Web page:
Beneath the Bullring: the origins of Birmingham
Archaeological excavations as part of the Bullring development and other developments on the city centre have revealed important new information about the city history from the 12th century onwards, including evidence of the growth of industries. A large ditch was found in excavations where Selfridges and the Park Street car park now stand. It formed the rear boundary of properties along the main road opposite St Martin in the 12th century and divided them from a deer park in the area around Moor Street Station, a rather different landscape from today.
Rubbish thrown into the ditch included fragments of pottery which had been misfired, showing that there were pottery kilns here in the 13th century. More waste pottery found in excavations behind the Old Crown in Deritend showed that there was a pottery kiln on this site about 200 years before the Old Crown itself was built. The pottery included distinctive vessels decorated with a criss-cross pattern of white clay.
Excavations on Edgbaston Street, where the Indoor Market now stands, revealed several leather tanning pits dating from the 13th century. Hides from cattle bought and sold in the market by St Martin church would have been immersed in water and crushed oak bark in these pits, which acted as a preservative. Many pits dating to the 17th and 18th centuries were found on the Park Street car park site. These contained fragments of crucibles, pottery vessels in which metal was melted for alloying and casting. The residues in these were alloys of copper with zinc, lead and tin.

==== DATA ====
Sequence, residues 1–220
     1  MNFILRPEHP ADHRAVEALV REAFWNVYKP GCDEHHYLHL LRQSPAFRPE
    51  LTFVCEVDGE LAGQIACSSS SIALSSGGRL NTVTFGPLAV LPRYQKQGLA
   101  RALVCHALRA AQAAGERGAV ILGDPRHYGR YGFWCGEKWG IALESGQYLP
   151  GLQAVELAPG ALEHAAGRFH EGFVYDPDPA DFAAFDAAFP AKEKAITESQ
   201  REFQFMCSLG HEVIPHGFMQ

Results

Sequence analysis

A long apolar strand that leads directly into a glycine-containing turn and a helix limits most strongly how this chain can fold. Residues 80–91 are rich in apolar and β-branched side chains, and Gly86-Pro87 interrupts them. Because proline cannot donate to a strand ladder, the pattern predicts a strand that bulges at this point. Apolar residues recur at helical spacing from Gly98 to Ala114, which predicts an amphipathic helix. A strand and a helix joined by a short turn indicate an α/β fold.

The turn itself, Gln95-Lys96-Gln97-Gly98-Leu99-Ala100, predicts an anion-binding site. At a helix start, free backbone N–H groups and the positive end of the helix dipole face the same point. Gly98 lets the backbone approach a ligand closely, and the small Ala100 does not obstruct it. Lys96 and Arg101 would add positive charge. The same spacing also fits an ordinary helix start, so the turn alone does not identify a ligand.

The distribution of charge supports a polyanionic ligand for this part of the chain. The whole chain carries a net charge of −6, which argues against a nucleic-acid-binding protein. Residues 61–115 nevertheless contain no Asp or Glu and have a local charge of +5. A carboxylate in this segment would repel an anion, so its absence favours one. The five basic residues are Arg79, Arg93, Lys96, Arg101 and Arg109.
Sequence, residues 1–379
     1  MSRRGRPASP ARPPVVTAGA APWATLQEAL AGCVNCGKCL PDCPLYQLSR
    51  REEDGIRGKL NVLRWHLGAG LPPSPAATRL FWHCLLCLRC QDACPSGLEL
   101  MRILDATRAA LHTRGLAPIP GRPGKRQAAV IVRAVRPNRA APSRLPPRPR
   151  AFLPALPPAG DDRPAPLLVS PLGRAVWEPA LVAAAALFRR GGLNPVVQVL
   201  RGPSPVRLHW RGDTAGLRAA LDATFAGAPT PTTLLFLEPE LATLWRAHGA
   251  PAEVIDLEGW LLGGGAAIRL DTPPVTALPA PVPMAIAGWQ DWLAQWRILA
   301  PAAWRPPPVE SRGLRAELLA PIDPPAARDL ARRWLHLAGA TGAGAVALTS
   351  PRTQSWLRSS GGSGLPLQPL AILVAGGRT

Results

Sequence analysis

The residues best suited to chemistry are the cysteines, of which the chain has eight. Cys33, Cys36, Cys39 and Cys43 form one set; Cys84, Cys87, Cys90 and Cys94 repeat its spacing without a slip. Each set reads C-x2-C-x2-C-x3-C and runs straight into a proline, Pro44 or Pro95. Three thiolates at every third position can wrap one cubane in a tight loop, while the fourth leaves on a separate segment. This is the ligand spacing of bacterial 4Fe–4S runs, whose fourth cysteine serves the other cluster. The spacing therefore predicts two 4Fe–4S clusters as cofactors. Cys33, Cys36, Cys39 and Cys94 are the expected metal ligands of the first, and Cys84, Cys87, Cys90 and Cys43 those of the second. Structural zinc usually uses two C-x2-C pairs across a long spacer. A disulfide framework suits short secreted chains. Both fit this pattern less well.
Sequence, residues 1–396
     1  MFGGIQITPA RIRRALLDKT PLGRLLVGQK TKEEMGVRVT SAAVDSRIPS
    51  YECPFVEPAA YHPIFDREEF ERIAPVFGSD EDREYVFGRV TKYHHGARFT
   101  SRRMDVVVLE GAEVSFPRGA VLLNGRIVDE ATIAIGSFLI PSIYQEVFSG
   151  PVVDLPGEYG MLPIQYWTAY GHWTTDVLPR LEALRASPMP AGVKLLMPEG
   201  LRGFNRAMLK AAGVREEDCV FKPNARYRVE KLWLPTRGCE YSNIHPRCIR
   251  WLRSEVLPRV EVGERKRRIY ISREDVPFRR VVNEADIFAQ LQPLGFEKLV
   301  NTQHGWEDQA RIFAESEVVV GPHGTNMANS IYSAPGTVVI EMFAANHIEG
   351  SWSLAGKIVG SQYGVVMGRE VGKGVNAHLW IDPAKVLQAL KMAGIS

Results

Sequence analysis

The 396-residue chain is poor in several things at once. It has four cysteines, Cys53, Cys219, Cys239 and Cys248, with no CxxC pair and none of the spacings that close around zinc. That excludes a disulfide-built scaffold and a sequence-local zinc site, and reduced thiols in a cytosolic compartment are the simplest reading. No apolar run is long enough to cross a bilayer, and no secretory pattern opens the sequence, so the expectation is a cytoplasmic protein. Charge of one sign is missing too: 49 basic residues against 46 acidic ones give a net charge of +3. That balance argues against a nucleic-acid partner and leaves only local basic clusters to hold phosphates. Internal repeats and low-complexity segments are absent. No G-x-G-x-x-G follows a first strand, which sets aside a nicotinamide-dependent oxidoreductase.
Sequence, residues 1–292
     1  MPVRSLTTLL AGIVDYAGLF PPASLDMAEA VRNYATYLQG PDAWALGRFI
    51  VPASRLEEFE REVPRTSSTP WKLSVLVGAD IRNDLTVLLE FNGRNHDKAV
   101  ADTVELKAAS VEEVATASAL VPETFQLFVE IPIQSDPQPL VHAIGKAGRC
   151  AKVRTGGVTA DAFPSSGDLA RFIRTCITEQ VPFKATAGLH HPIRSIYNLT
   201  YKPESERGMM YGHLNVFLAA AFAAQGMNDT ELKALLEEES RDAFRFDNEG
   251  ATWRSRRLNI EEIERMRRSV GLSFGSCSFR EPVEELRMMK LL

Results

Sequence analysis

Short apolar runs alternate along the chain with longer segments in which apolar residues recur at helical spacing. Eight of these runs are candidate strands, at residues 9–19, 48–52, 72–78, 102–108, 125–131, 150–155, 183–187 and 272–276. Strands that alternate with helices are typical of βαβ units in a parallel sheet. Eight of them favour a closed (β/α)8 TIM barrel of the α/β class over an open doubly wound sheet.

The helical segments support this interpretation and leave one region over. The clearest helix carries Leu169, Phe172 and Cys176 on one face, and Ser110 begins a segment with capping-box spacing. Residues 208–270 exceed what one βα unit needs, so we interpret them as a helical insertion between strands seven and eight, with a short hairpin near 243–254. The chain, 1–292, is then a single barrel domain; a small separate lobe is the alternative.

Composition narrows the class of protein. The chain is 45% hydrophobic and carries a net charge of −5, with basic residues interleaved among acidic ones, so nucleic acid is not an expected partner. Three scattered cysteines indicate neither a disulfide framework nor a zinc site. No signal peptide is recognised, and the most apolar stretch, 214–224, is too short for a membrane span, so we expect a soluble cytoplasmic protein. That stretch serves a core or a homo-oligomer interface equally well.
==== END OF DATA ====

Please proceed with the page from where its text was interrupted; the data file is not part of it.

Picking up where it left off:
The excavations also included St Martin's Churchyard. Study of the burials revealed information on lifestyles in 18th and 19th century Birmingham. Where individuals could be identified, written records provide information about them and their families.